Asked about the "journey" of the commission since its creation, Carr said, "I must confess we are further along than when I first came in 1997. My trust level has been enhanced by the relationships, and as I see it, that's where it's going to really culminate in a meaningful way." Acknowledging hills, valleys and roadblocks, he stressed that "relationship building is essential at all levels. It has to really reach the local level."

During the Nashville meeting, a large, diverse congregation gathered at Belmont United Methodist Church for a two-hour worship service featuring music from choirs representing the denominations and a rousing sermon by CME Bishop Paul A. Stewart of Birmingham, Ala.

Using the story of Joseph, Stewart said Methodists must move forward despite roadblocks such as racism. Quoting Archbishop Desmond Tutu of South Africa, Stewart said, "Racism is dead, but we've not been invited to the funeral nor have we seen the corpse." Like Joseph, he called on Methodists to pull off their shackles of defeated attitudes, hopelessness, suspicion, racism, and negativism and move ahead.

Concern about racism and prejudice surfaced often during the commission's business sessions. Leading one of the morning meditations, Harriet McCabe, a white United Methodist laywoman from Naperville, Ill., gave a moving account of her own lifelong journey with racism. Bishop Jarrett was among those who affirmed her afterward. "Your sharing reminds me of the price everybody pays for racism and sin," he said. "Some pay a price that is greater, but none is exempt."

Bishops from the four denominations have supported an initiative on children in poverty. An offering of more than $1,300 was taken during the public worship service for the initiative. When the commission meets next in Philadelphia, Nov. 28-Dec. 1, a new hymn related to the initiative will be sung by a mass choir composed of members of the four churches.

The commission established an award for honoring the work of pan-Methodist congregations and leaders. The first award will be presented to Payne Chapel AME church in Nashville for its work with at-risk children and youth.

Glenn A. Fleming, the director of the program, told the commissioners that governmental agencies need and want the help of the church. At the same time, he encouraged them to incorporate their ministries separately from the local church in order to keep the government from interfering with church matters. The program related to Payne Chapel is a 10-session early intervention program for teen-agers referred by the juvenile courts.

Fleming said faith-based initiatives supported by President Bush have been a reality for years. "The government (agencies) can't do it by themselves," he said. "They want and need our help."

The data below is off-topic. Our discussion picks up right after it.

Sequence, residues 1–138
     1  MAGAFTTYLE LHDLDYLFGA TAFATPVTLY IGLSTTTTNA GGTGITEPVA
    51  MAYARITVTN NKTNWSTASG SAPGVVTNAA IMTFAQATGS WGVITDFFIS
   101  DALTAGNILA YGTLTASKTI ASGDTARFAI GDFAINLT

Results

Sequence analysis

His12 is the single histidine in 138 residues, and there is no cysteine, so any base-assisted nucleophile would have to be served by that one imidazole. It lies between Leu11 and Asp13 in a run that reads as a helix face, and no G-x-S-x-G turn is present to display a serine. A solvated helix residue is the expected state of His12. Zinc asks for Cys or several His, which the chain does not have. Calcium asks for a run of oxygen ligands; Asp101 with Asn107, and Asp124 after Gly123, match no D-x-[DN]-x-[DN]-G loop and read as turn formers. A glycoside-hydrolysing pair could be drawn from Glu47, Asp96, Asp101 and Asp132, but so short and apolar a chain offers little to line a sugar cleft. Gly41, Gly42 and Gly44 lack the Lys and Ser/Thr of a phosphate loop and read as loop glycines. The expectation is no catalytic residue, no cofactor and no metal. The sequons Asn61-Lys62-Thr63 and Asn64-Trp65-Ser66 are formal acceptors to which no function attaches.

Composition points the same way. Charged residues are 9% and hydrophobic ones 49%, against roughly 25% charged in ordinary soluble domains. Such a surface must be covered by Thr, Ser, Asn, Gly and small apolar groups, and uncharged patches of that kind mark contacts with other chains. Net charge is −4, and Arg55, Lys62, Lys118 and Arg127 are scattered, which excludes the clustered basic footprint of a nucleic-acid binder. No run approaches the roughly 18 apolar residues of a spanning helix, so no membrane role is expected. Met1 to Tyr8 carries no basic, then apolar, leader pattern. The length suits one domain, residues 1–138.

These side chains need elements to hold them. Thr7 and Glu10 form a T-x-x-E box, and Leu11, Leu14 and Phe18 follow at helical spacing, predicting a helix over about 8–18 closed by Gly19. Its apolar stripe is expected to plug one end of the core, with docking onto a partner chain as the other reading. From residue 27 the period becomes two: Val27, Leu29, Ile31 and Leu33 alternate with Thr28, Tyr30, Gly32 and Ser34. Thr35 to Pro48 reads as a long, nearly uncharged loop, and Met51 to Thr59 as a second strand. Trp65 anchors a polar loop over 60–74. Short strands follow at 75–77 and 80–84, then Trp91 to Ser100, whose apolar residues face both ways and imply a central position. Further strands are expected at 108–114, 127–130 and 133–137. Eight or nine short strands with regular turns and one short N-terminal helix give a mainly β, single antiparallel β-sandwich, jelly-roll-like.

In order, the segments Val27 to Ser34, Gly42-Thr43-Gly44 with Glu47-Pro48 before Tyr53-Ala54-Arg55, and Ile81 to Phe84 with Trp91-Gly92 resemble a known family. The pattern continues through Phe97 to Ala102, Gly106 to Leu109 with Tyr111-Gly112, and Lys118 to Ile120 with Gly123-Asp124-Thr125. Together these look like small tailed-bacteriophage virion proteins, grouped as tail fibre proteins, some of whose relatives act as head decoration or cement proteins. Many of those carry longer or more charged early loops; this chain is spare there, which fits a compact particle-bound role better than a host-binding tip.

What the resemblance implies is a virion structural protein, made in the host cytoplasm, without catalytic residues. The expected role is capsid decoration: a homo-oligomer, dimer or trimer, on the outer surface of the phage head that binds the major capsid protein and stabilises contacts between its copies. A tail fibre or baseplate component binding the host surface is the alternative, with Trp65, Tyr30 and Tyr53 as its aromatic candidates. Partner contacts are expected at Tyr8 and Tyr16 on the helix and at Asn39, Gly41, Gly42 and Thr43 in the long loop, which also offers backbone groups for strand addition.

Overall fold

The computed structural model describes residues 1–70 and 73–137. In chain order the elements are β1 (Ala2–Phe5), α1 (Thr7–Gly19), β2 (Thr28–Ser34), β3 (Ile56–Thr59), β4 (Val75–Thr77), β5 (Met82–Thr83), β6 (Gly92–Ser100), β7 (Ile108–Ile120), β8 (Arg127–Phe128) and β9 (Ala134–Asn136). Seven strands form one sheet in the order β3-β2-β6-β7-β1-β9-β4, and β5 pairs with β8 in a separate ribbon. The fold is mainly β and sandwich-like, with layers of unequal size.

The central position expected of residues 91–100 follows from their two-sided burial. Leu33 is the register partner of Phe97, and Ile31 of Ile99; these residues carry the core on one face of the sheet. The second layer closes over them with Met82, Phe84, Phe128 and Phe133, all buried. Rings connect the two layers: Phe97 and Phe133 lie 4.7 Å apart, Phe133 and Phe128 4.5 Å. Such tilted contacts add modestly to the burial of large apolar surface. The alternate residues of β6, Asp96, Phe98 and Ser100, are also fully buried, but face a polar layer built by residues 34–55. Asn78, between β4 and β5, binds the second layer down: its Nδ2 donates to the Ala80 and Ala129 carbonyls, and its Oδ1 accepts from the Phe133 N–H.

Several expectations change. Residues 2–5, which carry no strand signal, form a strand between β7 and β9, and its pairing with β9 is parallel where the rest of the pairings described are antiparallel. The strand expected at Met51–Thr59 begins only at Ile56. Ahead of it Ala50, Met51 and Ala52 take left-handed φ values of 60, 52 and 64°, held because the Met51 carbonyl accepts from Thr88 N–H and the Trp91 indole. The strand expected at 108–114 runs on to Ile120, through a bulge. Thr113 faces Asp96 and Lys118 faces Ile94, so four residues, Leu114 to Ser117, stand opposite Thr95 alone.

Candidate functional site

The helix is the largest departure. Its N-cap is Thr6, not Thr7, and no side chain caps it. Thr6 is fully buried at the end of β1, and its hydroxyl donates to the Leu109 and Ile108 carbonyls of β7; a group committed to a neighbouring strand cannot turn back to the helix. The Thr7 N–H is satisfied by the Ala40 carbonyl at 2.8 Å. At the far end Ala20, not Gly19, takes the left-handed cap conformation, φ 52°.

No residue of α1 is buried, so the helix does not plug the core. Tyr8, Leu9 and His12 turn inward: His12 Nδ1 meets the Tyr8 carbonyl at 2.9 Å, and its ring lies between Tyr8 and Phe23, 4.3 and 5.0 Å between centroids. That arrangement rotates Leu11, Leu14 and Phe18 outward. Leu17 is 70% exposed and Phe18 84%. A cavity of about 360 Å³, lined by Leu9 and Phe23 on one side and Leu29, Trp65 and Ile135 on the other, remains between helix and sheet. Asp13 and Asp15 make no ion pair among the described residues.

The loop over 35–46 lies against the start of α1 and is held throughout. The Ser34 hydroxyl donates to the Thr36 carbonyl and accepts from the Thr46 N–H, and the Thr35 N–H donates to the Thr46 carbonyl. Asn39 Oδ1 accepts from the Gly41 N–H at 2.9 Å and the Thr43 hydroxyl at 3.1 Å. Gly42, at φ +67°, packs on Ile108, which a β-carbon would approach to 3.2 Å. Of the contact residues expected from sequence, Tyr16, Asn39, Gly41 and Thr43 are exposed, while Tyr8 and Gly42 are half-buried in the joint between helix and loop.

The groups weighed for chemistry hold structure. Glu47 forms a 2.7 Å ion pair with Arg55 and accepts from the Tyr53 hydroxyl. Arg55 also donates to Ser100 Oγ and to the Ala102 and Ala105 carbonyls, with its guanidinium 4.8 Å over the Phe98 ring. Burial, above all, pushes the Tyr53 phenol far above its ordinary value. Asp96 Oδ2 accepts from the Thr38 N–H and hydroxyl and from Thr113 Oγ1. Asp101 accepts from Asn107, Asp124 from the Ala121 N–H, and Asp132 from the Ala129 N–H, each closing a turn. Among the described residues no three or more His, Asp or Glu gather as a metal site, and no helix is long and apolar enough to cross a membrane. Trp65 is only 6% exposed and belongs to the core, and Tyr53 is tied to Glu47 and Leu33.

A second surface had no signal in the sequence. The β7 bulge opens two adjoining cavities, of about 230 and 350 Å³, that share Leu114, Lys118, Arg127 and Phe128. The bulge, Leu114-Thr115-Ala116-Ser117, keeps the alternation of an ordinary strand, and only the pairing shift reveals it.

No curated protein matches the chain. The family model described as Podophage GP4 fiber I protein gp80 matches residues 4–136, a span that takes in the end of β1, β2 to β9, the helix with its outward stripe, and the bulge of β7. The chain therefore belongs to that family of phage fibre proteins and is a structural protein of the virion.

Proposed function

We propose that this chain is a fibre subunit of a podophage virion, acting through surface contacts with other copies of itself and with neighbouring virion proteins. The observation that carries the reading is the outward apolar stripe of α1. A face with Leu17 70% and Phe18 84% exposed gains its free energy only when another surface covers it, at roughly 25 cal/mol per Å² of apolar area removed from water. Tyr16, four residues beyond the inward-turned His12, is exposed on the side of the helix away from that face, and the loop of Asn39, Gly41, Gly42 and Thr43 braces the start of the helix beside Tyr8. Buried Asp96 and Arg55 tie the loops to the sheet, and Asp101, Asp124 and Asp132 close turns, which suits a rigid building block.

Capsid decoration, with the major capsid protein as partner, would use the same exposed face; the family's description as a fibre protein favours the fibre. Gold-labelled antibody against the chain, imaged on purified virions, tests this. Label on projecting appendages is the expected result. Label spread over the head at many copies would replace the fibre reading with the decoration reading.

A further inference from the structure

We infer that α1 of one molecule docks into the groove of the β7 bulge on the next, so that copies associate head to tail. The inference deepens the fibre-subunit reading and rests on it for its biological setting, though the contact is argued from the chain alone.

Drawing on his work with government agencies in Mississippi and Tennessee, Fleming painted a bleak picture. "Locking up our children is not solving the problem," he declared. "Children are raising themselves. The church is going to have to help parents raise these children. You're all they've got.

"Churches must work together to save souls and to help our children," he said. "We're losing them. They have no love in their lives."

Among actions, the commission members voted to:
· Invite U.S. Secretary of Education Rod Paige, an African American and a native of Mississippi, to their next meeting.
· Ask denominational staff executives related to evangelism to meet and explore possible cooperative efforts.
· Affirm a second national conference of black men, planned and supported by all four denominations.
· Ask officials at the United Methodist Board of Higher Education and Ministry to plan a meeting of college presidents from the four denominations.
· Suggest models of cooperation that could be used in target cities and annual conferences. These include use of the United Methodist study guide on repentance (see UMNS story #156), joint worship services, pulpit and choir exchanges, combined youth events and joint vacation Bible schools.

The members also agreed that the Lord's Supper would be observed during the public worship at the next meeting in Philadelphia, partly as a reminder of a racial incident at the city's St. George Methodist Episcopal Church in the late 1700s. Former slave Richard Allen, an itinerant Methodist preacher, left St. George's and started a branch of Methodism that practiced racial equality. Today the denomination is known as the African Methodist Episcopal Church.

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*McAnally is director of United Methodist News Service, the church's official news agency, with offices in Nashville, Washington and New York.